I am Amity.
It runs through my blood, as pure as the factions that divide us. I am not peaceful, nor easy to get along with. I am not very good at friends, therefore I have none. Everyone resents me, even my family.
There are plenty like me, so you ask why it is me in particular that people loathe – I am Elena Amity. Don’t laugh; it is not my real name. Well, obviously Amity is, but my first name is one of my mother’s own creations. I was not blessed with the wretched name Elena. My real name is Blaze. Not peaceful. Of course not, because it was my father who christened me with it. My father was a Dauntless.
I do not wear the mustard yellow and bright red colors of Amity. Neither do I wear blue, or black, or grey or black and white. I wear my own colors. Because I am my own person. I do not believe in the term Faction before blood. Neither matter, as long as you know who you are.
I step into the burning white room and peer around. A woman, maybe in her early twenties, beckons me to take a seat. Her appearance surprises me – dark perfect hair, black skin and gold eye-shadow, with penetrating dark blue eyes. I don't speak until she does, because she is probably one of those wretched Amitys.
“Hi, I’m Oxygen,” she says with a dangerous flash in her eye. I immediately like her. Something about her makes her different to others. It is positive she is not an Amity. Her hair is too dark and vibrant, not the usual mousy color many bear. If someone was burdened with those unusual eyes they would not belong.“You must be Blaze.”
I stop abruptly. “How do you know my real name?” I had never been taken aback before.
She surprises me again by laughing. “I have your files here. Blaze Midnight Amity.” She studies me, and I feel uncomfortable. “Amity?”
Usual I refrain from telling people that, but Oxygen seems someone I can trust. Smiling wryly, I simply say. “Wish I could change it.”
Understanding, she nods. “Okay, now, come on, we’ll get on with your aptitude test.”
My palms are wet, by heart pounding. Questions are tripping over one another in my head, each one vying to be the one asked first. I don’t dare say any aloud.
I am standing in a street, when a woman walks up to me with accusation in her eyes.
“Is your name Elena Amity?” she demands, although she has no authority over my name.
“Yes.” I swallow in anticipation.
“Liar!” she screeches, and runs at me with a knife in her hands.
Reflexively my hand flies to her arm and yanks the knife out of her hand, punches her to the floor and throws the knife beside her. My chest is heaving and I am gaping at the lady knocked unconscious on the floor – my doing.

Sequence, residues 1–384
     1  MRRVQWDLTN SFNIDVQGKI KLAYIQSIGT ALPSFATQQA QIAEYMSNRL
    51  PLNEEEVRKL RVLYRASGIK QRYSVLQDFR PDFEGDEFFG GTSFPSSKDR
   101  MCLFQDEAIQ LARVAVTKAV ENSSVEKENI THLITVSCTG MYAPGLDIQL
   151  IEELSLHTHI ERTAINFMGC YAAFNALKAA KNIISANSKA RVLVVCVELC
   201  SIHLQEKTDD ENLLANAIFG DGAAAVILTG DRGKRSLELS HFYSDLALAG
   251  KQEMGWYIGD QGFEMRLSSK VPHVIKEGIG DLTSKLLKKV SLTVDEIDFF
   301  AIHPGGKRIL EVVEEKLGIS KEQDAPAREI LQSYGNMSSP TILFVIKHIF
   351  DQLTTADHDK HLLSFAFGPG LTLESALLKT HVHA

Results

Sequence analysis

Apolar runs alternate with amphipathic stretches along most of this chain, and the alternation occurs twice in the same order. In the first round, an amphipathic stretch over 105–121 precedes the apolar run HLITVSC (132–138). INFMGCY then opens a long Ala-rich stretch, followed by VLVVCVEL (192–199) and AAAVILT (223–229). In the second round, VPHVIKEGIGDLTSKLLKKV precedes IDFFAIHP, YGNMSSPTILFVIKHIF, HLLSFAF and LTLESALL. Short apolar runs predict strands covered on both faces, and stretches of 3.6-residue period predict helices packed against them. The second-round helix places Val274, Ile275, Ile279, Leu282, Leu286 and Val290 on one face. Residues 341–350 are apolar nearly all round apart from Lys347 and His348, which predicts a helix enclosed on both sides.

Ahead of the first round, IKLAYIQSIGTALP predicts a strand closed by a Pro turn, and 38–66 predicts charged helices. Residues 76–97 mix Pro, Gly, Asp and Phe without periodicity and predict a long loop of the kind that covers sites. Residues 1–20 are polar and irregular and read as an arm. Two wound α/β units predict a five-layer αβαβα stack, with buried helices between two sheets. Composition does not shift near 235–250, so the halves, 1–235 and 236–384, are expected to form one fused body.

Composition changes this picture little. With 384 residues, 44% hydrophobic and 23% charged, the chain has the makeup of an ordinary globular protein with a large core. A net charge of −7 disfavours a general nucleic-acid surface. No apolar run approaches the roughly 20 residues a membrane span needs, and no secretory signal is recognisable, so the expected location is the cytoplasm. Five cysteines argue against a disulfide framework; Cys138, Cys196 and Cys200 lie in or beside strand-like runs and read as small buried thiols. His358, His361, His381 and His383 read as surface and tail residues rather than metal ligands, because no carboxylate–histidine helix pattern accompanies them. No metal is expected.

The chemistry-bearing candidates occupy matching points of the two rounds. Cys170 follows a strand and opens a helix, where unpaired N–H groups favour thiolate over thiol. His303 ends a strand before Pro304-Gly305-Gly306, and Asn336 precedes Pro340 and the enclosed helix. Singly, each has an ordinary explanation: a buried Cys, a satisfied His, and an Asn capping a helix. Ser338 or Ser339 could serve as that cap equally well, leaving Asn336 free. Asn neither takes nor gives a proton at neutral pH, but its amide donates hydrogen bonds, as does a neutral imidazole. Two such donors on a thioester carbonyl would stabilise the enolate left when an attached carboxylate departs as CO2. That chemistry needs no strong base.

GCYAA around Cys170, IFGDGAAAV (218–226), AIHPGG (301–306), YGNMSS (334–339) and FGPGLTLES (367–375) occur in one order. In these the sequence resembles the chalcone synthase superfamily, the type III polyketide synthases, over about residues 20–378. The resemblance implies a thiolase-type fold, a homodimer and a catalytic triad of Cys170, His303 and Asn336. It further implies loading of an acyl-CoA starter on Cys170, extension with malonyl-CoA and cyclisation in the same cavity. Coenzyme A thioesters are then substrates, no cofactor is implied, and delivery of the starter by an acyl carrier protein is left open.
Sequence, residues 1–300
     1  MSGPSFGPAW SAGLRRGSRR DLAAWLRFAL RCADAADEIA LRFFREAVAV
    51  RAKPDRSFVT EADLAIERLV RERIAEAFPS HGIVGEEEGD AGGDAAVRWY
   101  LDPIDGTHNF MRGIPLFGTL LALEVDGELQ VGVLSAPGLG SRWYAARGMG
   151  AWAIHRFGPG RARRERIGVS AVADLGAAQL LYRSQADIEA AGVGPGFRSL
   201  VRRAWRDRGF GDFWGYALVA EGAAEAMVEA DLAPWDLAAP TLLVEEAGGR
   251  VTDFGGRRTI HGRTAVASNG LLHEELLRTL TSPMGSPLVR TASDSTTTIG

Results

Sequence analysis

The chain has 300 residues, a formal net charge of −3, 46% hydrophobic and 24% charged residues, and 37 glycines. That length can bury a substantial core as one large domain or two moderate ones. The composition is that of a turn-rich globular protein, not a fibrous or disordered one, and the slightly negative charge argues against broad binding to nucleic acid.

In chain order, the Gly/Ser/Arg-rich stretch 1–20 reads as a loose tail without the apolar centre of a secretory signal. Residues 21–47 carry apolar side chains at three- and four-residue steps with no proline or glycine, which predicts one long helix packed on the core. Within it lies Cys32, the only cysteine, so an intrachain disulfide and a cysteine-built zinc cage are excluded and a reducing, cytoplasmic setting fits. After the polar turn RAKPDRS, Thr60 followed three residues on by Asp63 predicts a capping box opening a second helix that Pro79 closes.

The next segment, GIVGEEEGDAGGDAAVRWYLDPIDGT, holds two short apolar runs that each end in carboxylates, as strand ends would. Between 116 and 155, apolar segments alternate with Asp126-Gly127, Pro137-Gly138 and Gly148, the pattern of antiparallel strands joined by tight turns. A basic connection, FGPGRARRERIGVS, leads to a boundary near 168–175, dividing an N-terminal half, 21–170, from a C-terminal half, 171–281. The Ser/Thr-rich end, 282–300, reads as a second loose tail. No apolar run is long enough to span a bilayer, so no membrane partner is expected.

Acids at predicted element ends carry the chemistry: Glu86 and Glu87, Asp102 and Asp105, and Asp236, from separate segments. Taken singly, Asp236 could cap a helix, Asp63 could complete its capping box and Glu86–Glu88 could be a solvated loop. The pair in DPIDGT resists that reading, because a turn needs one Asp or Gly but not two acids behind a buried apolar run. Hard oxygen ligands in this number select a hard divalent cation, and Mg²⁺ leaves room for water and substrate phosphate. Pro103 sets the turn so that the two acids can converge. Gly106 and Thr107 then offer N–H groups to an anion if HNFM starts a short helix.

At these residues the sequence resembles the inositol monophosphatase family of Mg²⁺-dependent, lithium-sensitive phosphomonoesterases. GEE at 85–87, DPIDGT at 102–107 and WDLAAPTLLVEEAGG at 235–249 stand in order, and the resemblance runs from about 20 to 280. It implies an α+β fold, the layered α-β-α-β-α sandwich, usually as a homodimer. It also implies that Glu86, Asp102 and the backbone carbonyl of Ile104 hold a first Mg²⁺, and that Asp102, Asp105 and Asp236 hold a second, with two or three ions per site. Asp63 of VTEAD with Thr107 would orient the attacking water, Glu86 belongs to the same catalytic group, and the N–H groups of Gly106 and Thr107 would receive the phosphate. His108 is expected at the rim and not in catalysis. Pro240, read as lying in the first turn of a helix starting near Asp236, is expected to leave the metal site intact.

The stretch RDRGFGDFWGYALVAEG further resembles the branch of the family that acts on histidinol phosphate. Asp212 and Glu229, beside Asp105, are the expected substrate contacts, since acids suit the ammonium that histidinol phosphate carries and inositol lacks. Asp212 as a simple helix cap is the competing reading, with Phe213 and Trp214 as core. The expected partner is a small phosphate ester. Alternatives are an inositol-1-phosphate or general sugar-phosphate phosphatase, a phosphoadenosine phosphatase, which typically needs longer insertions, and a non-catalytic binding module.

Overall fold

All of a sudden I am gone away from the dread and into oblivion. But that is not where I find myself. Instead I find myself in a deserted cafe with a stray muffin clasped in my hand. The blinds are ripped and the windows groggy and the cafe itself is scrappy and abandoned. Knowing that I am probably walking directly into danger, I step outside and run straight into a man who is obviously factionless.
“Help me!” he lisps. “Please, I need that cake!” His skin is healthy and I doubted he really was poor, seeing as there was a full cafe of food (even if it is stale) sitting right next to him. Therefore, I stuffed it into my mouth and let the flavor dance over my tongue. He stared daggers at me, but I don’t have time to anticipate his resent and agony because I am blacking out again.
It feels like an instant has passed when I wake. I waste no time.
“Well?” I prompt. Oxygen’s head snaps up, her unusual dark blue eyes alert.
She gets right to the point. “Erudite and Dauntless.”
My jaw drops. I am not Amity, I think, and cannot suppress the smile on my lips. Neither can Oxygen, because I can tell she knows I may find myself in one of these factions. I know it too.
But then I think: it doesn't matter what the test says. It’s my choice.
The Choosing Ceremony is whisked around through hazy hours of peace, although my heart cannot stop thumping. My brother Owen is sure to stay in Amity, which he is through and through. I do not have the heart to tell my mother about my test results – not that we’re allowed to.
We are led into the Ceremony, and my stomach keeps pulling at my flesh, begging to be fed. It gives me the peculiar sensation that I am going to puke.
My mother censures on my posture, probably wanting to come across perfect. I tolerate scolding, seeing as there is so little of it. I look forward to it in some events.
It’s my turn first, although why: I am unsure. My name is called and Al - a man from Amity who in my mind was the most selfish person alive and didn't belong there. It often gets me wondering how on Earth his aptitude test had given him that result - hands me a lethal knife. I shed my blood, ignoring the paralyzing pain, and imagine my blood swimming in the water, or sizzling on the alight coal.
I close my eyes and thrust my arm out between the bowl of water and the burning coals of Erudite and Dauntless. Then my arm angles to the left and my blood is sprinkling over the blazing coal of Dauntless.
I am not Amity.